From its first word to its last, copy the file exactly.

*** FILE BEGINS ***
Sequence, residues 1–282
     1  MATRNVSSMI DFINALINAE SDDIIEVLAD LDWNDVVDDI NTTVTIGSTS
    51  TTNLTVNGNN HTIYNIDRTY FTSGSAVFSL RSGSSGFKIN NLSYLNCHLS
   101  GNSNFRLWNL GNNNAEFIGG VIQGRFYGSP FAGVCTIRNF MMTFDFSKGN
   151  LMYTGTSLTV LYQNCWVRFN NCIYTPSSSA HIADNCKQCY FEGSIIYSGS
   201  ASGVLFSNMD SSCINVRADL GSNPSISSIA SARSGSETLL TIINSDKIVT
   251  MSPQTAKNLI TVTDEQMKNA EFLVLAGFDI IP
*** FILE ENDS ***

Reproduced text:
Sequence, residues 1–282
     1  MATRNVSSMI DFINALINAE SDDIIEVLAD LDWNDVVDDI NTTVTIGSTS
    51  TTNLTVNGNN HTIYNIDRTY FTSGSAVFSL RSGSSGFKIN NLSYLNCHLS
   101  GNSNFRLWNL GNNNAEFIGG VIQGRFYGSP FAGVCTIRNF MMTFDFSKGN
   151  LMYTGTSLTV LYQNCWVRFN NCIYTPSSSA HIADNCKQCY FEGSIIYSGS
   201  ASGVLFSNMD SSCINVRADL GSNPSISSIA SARSGSETLL TIINSDKIVT
   251  MSPQTAKNLI TVTDEQMKNA EFLVLAGFDI IP